It hasn't been a smashing success, but it's not time to forget it all together either.

Conclusion: Plausible 

Myth: Christian Hackenberg is a bust.

Hackenberg hasn't been perfect. He has said and will continue to be the first to admit that. But to say he is a bust is to largely ignore what Hackenberg has already done and what he is now currently working with. Passes have been off, he has looked shaky and when he has made throws they haven't always been caught. There is no doubt about that, but it's only part of the puzzle.

A study by Pro Football Focus in 2012 found that Tom Brady got rid of the ball faster than any other quarterback in the NFL. Brady from snap to throw would take on average 2.49 seconds to deliver a pass over the span of 335 drop backs. Seattle's Russell Wilson took the longest time with 3.14 seconds per pass over 274 drop backs.

On the flip side, 13 of the 33 quarterbacks in the study were sacked on average in less than 3 seconds over the span of 217 to 357 drop backs. Four quarterbacks (two including the super mobile Wilson and Michael Vick) could go over 4 seconds without being sacked on average.

What does this all mean? The best/fastest throwing quarterback in the league could get rid of the ball only just as fast as some quarterbacks were getting sacked.

And that comes back to two items. The separation Brady's targets were getting from defenders and the protection he was getting in the pocket. Three quarterbacks in the NFL in 2012 were actually sacked faster on average than Brady was able to pass the ball. Even if Brady had been there instead of those three quarterbacks chances are he would have been pressured just as much.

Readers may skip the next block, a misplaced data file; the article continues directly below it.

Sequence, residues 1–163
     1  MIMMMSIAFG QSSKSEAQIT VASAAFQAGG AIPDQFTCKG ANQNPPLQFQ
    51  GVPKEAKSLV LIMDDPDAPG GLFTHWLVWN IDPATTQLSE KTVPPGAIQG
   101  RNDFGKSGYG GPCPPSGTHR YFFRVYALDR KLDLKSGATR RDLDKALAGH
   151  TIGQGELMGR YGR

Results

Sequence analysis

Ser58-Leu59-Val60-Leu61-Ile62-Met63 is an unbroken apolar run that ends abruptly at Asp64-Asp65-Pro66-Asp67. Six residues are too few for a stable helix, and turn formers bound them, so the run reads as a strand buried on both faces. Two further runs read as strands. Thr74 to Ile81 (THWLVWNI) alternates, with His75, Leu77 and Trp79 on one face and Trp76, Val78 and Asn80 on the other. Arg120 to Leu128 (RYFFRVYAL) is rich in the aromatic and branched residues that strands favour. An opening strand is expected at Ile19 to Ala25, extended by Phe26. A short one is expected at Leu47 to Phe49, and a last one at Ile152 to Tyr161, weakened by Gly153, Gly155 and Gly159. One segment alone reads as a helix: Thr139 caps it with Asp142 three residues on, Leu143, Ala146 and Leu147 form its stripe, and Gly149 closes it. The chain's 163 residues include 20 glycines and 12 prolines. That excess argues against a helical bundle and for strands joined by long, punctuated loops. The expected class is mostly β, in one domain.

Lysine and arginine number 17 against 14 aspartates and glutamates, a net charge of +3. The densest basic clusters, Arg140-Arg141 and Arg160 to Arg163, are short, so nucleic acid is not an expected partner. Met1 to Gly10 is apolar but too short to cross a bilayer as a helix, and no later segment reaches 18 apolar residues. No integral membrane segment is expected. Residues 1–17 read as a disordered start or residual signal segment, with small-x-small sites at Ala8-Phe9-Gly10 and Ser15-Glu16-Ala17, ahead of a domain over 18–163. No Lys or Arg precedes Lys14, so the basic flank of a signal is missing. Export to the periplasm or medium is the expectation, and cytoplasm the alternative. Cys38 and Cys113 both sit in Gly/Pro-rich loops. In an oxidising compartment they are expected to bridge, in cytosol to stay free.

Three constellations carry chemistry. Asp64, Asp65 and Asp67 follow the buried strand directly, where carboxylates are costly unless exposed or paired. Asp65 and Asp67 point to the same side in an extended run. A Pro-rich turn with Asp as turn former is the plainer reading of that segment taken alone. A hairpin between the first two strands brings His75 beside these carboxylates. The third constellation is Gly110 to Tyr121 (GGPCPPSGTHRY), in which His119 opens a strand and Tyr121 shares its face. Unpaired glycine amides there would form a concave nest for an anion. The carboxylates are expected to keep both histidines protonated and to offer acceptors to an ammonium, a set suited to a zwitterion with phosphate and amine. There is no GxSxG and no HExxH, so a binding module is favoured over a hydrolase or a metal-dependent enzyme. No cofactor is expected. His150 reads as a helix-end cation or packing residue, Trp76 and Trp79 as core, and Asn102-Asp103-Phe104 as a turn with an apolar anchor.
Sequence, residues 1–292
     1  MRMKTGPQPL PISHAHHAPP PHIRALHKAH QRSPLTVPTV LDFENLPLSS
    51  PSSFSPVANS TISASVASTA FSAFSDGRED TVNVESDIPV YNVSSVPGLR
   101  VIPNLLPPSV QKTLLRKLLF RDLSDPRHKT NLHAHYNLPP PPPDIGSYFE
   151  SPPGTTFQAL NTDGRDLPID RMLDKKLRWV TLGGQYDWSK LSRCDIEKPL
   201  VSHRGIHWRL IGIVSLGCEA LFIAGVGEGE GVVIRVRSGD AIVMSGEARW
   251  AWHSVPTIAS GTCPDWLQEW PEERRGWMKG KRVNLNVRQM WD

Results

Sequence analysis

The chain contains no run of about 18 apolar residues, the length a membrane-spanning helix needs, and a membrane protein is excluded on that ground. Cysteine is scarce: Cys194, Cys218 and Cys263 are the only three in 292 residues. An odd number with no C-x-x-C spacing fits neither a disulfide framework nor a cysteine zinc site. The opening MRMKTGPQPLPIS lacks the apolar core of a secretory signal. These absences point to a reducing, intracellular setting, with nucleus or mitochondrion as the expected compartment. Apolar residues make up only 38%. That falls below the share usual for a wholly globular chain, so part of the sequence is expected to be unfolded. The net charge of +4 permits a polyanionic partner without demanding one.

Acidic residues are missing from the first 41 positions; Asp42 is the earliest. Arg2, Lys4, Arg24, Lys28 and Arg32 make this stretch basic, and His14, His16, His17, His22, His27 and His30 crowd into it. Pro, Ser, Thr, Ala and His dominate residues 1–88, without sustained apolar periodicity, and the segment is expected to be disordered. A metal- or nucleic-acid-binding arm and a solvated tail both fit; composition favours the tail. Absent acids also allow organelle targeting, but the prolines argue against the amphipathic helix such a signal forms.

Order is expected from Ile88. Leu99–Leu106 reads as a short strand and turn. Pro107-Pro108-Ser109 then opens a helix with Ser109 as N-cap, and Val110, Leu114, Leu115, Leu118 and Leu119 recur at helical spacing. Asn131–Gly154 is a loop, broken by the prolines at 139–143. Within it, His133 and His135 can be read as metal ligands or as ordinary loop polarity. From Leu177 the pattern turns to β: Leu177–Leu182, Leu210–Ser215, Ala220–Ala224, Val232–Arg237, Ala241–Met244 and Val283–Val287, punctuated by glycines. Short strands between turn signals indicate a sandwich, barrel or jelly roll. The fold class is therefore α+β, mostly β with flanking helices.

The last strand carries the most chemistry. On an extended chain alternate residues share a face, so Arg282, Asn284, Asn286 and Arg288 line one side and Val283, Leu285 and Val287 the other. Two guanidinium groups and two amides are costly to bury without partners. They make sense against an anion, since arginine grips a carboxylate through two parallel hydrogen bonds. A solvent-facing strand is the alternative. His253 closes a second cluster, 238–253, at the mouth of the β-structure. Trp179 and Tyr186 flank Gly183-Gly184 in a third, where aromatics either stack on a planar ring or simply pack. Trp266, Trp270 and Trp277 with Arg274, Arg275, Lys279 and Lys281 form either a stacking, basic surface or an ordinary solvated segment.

So has Hackenberg struggled? Sure, but it's hard to imagine anyone thriving much better than he has given the situation. Is he a bust? No, but the myth is.

Conclusion: Busted

Myth: Penn State's offensive line will always be bad.

It's impossible to sit here and say that the offensive line will be able to do X,Y, and Z by the time the three underclassmen starters have finished their careers. But chances are they will be bigger, stronger and smarter by that time. In theory this myth is true. They could never get better and they could never improve.

But it isn't very likely in the long haul.

Conclusion: Plausible, but unlikely.

Myth: Penn State shouldn't have lost to Northwestern.

This isn't exactly black and white, but there are a few things to consider. Rutgers is the only team full of Big Ten players and Rutgers is the only team that has given Penn State real issues when it comes to winning. (UCF game was close but the Knights didn't fluster Penn State as much.)

Northwestern, a team even more equipped with Big Ten level players and experience to boot hasn't been good over the past two years. But much like Penn State it doesn't take much for poor to turn into just enough to win. Saturday's game was essentially two average to poor teams seeing who would be less poor on that day. Northwestern's experience and talent paid off and Penn State's issues finally mattered. When the talent gap is smaller and the experience gap is wider it's going to create issues for any team.

Did anyone expect Penn State to look that poor? Probably not. But it's not surprising that it eventually happened against a team not much different than Penn State. The Nittany Lions could have played better in ways Northwestern didn't and that's where the doubt begins to creep in. The Nittany Lions are a coin-flip each and every week. So anything is possible, but the loss was avoidable.

Conclusion: Plausible

There are plenty more reactions out there in the world, including the future of offensive coordinator of John Donovan (which is and should be perfectly safe in State College), but the ones listed above seemed to be the most common.

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Ben Jones covers Penn State football and basketball for He's on Twitter as @Ben_Jones88.